Use Of Endoscopy disinfectants In Decontamination Process

Use Of Endoscopy disinfectants In Decontamination Process

Decontamination procedures entails three processes to thoroughly clean medical equipment. These processes include: disinfection, sterilization and antisepsis. Combination of any of these processes makes usage of medical equipment safer for the patient.

Decontamination of medical equipment is highly imperative for instruments that are inserted into a body canal. Since most of these equipment are reusable, it is a must for medical personnel to be trained in proper cleaning procedures.

One such common procedure that uses fiber optic tubes along with video processing unit is endoscopy. It is a commonly used tool for diagnosis of gastrointestinal disorders. Since most of the parts used for endoscopes are reusable, staff handling it should be trained in its decontamination process as well.



Aside from training staff with the process itself, they should be knowledgeable with the types, proper usage and disposal of  Endoscopy disinfectants.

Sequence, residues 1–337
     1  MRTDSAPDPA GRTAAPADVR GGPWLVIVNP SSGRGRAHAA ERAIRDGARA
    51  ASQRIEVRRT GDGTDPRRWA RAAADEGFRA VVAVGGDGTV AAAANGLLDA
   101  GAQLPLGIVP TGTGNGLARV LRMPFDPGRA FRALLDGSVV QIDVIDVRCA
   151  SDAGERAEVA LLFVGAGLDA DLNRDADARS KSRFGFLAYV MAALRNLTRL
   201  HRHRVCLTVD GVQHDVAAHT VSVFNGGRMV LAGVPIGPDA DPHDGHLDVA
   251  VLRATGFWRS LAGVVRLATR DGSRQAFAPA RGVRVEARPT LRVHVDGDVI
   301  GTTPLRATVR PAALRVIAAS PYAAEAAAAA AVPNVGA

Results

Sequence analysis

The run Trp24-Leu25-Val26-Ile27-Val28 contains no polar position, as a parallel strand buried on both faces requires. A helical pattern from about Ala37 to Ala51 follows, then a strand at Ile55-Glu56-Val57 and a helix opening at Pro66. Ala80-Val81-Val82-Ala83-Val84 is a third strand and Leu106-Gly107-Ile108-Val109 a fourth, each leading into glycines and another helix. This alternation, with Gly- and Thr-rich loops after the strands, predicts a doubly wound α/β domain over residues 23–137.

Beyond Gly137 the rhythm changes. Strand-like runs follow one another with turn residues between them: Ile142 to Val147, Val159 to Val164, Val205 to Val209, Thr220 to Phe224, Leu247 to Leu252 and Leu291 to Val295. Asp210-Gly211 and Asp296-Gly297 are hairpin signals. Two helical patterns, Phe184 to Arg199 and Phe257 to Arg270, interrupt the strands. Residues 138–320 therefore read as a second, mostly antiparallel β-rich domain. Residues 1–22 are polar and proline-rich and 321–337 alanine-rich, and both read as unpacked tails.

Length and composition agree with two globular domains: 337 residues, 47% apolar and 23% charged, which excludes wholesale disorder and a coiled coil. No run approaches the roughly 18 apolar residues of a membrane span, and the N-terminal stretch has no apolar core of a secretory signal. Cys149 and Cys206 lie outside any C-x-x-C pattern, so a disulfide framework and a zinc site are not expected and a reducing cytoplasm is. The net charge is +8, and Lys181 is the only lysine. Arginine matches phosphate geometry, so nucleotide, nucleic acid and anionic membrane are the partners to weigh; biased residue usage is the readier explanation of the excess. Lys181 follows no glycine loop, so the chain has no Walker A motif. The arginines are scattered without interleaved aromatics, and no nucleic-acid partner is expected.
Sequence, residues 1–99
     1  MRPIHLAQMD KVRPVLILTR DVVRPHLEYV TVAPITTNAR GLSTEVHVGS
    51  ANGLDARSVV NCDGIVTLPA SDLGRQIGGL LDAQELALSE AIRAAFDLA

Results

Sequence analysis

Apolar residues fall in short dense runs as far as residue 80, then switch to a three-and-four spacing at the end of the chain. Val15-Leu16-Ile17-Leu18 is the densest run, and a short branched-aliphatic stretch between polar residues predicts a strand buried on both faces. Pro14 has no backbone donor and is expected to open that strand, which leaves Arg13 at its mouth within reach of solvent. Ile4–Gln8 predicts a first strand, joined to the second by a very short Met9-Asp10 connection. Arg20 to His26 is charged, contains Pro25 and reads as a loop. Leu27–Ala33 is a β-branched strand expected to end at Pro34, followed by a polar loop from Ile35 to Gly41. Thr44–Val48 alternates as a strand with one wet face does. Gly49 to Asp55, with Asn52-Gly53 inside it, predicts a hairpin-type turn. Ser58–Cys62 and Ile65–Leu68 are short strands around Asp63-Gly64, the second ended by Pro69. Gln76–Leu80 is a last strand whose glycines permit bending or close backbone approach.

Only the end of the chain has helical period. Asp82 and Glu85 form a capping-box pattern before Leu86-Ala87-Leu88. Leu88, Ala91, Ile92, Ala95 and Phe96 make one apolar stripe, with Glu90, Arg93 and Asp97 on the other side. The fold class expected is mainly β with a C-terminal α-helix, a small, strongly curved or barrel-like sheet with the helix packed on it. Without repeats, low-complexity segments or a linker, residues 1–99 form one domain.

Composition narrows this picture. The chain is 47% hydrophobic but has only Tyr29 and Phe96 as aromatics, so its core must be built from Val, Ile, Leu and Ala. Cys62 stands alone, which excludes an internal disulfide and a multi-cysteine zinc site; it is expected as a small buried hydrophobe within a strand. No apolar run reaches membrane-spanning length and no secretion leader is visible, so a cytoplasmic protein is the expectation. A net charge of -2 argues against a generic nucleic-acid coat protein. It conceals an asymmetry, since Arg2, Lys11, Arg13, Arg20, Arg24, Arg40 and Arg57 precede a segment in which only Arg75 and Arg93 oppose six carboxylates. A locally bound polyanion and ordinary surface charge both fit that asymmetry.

Here are some of the guidelines with endoscope decontamination process.

  1. Clean the endoscopes before, in between patient usage, and after endoscopy procedures in dedicated rooms.
  2. Wear appropriate personal protective equipment (PPE) during the disinfection process. PPE includes the following:
  • Gowns (preferably long-sleeved and waterproof)
  • Gloves
  • Goggles
  • Face masks (charcoal impregnated types to reduce vapor inhalation)
  1. Manually disinfect the equipment, making sure they are fully immersed in the disinfectant. Remove all parts that should not be immersed. Sterilize the water bottles and connecting tubes at least once a day.


Some of the commonly used endoscope disinfectants include the following:

  • Glutaraldehyde
  • The most common disinfectant used
  • Does not damage the equipment, but can leave colored stains on them
  • Orthophthaldehyde
  • More stable alternative
  • Lower vapor pressure, but can also cause colored stains on the equipment
  • Peracetic acid
  • Highly effective substitute to glutaraldehyde
  • Electrolyzed acid water (EAW)
  • The safest disinfectant
  • Low production cost
  • Lowered bactericidal effect in the presence of biofilms


  1. Properly rinse the equipment with water after disinfecting and allow it to dry. The drying process prevents microorganism growth during storage.

Should you want a more thorough discussion on these guidelines, you can always make a quick search on the internet.

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